Operation Get to Sicily: Part 2

16 to 23 October 2018

Crotone to Syracuse, Sicily, N37° 03.74’ E15° 17.33’, 157nm, 27 hours

With the rat dead, the forecast for Monday took a turn for the worst and we decided to risk another night on the rat infested pontoon in Crotone (windows and washboards firmly shut at all times!). As frustrating as this part of our journey has been in terms of delays and pest control issues, the up side was that this latest delay enabled us to catch up with Sue and Chris from SV Nimrod who we had met in Kotor and who had caught up with us on their way to their winter berth in Rocella Ionica. Even better, they had caught two big tuna on their way to Crotone and we were able to help them eat them!


We filled the tanks with fuel at 8.30am the next day and finally left Crotone with all evidence and memories of Roland behind. We were embarking on our longest passage all year but it made sense to do it in one go otherwise it would be two very long days each starting in the dark. At our average 5.5 knots we should make it to Sicily in 30 hours.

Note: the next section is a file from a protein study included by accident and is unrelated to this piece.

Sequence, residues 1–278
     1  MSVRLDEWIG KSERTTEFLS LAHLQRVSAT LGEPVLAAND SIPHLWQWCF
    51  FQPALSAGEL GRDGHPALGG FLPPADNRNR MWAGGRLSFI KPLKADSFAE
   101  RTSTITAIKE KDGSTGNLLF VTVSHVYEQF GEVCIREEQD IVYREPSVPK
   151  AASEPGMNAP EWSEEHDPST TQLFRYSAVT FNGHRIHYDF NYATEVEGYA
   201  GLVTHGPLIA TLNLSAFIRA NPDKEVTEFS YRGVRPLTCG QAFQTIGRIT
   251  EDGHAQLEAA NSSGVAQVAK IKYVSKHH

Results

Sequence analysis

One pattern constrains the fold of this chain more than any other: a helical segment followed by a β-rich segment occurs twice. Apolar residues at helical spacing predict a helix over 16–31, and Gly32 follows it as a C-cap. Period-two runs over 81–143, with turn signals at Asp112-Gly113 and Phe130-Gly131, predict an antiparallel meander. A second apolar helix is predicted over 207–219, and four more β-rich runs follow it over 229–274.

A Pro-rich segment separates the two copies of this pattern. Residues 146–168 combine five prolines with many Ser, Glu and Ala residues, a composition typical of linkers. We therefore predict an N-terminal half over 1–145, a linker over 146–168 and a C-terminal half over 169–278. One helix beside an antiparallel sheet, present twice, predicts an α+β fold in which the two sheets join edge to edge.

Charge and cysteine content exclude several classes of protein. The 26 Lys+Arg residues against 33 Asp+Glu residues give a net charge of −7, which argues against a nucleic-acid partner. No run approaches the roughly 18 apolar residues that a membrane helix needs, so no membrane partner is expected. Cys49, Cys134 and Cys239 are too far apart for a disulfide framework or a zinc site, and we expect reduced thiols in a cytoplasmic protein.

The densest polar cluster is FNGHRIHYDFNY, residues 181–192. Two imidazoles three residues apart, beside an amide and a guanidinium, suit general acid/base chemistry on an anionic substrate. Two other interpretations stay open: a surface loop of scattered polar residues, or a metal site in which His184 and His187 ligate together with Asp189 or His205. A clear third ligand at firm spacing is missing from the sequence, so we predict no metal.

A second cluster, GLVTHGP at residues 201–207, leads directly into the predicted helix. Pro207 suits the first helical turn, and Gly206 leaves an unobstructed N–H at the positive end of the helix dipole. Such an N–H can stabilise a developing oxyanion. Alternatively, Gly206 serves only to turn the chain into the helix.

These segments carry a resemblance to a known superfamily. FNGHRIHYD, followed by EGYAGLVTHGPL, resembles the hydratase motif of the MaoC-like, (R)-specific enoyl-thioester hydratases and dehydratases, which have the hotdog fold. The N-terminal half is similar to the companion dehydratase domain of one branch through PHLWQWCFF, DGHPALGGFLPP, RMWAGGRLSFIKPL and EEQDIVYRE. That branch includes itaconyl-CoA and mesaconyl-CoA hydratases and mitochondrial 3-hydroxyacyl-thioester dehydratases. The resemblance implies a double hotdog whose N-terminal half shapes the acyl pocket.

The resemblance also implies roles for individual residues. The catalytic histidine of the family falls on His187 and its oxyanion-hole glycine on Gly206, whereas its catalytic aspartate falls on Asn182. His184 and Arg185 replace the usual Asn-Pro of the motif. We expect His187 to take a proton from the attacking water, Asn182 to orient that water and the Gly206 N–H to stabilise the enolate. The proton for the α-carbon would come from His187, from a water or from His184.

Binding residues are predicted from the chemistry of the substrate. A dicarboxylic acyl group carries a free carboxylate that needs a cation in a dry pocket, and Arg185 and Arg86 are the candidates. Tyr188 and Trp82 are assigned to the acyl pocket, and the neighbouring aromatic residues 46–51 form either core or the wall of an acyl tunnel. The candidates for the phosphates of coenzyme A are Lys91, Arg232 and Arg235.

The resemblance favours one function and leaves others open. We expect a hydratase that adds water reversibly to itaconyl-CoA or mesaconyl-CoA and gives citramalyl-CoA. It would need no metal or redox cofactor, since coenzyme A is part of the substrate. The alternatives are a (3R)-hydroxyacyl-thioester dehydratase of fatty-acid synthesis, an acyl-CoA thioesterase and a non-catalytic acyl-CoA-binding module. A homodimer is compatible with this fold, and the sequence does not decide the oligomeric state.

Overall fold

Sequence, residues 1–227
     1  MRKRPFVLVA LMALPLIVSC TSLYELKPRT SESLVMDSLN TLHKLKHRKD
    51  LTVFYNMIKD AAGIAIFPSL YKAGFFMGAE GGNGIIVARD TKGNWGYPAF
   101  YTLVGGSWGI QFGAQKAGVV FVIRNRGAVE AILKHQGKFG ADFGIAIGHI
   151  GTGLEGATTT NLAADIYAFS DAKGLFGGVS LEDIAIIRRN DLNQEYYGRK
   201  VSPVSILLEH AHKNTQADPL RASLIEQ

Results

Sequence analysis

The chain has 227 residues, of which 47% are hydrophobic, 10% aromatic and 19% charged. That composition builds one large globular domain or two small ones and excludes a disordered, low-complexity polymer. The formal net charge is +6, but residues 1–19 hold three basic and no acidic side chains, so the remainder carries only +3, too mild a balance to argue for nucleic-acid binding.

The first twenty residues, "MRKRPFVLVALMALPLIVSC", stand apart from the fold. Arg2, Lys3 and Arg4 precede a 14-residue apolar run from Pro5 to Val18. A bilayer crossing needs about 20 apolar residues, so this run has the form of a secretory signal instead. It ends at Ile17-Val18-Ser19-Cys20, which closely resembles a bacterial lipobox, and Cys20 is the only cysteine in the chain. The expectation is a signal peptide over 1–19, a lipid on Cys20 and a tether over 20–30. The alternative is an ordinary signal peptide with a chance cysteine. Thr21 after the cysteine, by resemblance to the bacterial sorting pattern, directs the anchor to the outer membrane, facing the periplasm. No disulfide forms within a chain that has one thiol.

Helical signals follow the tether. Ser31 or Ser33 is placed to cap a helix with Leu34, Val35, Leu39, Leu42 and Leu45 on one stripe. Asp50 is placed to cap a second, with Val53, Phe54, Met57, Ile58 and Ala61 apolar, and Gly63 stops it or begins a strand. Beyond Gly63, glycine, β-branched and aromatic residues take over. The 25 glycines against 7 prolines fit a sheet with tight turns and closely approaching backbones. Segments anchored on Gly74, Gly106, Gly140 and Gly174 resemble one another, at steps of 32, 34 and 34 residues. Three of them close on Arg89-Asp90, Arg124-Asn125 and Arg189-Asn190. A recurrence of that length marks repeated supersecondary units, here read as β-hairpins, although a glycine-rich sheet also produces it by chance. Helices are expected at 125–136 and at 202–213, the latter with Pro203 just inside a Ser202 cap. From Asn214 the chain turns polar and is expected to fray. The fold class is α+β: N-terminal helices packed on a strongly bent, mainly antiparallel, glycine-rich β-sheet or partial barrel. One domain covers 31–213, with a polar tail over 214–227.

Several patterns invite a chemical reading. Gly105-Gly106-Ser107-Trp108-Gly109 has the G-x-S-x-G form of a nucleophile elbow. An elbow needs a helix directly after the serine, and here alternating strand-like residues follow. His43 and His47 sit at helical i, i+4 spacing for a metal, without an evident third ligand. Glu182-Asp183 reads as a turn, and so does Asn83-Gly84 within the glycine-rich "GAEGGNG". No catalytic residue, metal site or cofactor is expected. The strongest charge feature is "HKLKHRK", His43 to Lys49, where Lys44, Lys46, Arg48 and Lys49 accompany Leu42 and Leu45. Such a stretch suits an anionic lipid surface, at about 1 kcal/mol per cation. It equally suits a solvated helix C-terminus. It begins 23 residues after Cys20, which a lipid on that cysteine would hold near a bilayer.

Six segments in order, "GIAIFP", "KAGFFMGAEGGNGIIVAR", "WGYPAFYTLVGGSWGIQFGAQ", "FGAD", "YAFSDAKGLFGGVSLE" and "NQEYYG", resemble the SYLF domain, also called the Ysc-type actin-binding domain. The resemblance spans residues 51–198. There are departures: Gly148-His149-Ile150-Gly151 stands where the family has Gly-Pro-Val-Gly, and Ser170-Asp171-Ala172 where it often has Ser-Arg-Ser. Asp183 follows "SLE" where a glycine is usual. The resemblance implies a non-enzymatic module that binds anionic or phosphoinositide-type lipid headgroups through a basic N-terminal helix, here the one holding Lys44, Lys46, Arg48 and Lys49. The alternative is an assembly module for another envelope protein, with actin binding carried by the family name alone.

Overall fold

However, we had a worryingly slow start at only 4 knots. We wondered if there was a current against us. Stefan thinks it was also because Pintail’s bottom needs a good scrub clean. With nearly 160nm to go we needed to speed up. Sue’s exhaust was still emitting steam too – a worry for such a long passage.

We passed the gas platforms off Crotone and watched more rain fall on the town, hoping it wouldn’t reach us.

Just a few miles into our passage we came round Capo Colonne staying close to shore to enable us to get a view of the one remaining column on the headland. We joined lots of dolphins playing around the cape. This is a nature reserve and the sea is obviously alive with a good supply of dolphin food.

Around the cape we caught 12 to 15 knots of wind and were able to motor sail to keep our speed up. We were expecting the wind to drop through the afternoon and into the night so were keen to use the advantage whilst we could.